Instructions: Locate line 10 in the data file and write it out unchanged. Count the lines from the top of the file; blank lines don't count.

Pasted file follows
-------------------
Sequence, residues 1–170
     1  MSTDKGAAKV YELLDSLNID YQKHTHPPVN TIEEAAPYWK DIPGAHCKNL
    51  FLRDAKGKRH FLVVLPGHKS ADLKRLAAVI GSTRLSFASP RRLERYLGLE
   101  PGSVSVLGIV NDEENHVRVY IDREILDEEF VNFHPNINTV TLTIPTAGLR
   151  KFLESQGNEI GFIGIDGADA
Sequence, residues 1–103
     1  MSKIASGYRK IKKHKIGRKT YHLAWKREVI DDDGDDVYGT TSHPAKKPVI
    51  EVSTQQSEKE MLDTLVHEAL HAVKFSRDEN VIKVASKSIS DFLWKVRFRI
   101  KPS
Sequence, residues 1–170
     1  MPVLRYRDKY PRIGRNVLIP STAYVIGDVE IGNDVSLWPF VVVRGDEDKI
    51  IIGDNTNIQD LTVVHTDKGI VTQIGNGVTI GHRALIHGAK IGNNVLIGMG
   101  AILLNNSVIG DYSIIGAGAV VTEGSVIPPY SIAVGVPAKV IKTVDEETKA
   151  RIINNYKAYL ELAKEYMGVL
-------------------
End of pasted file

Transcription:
Sequence, residues 1–170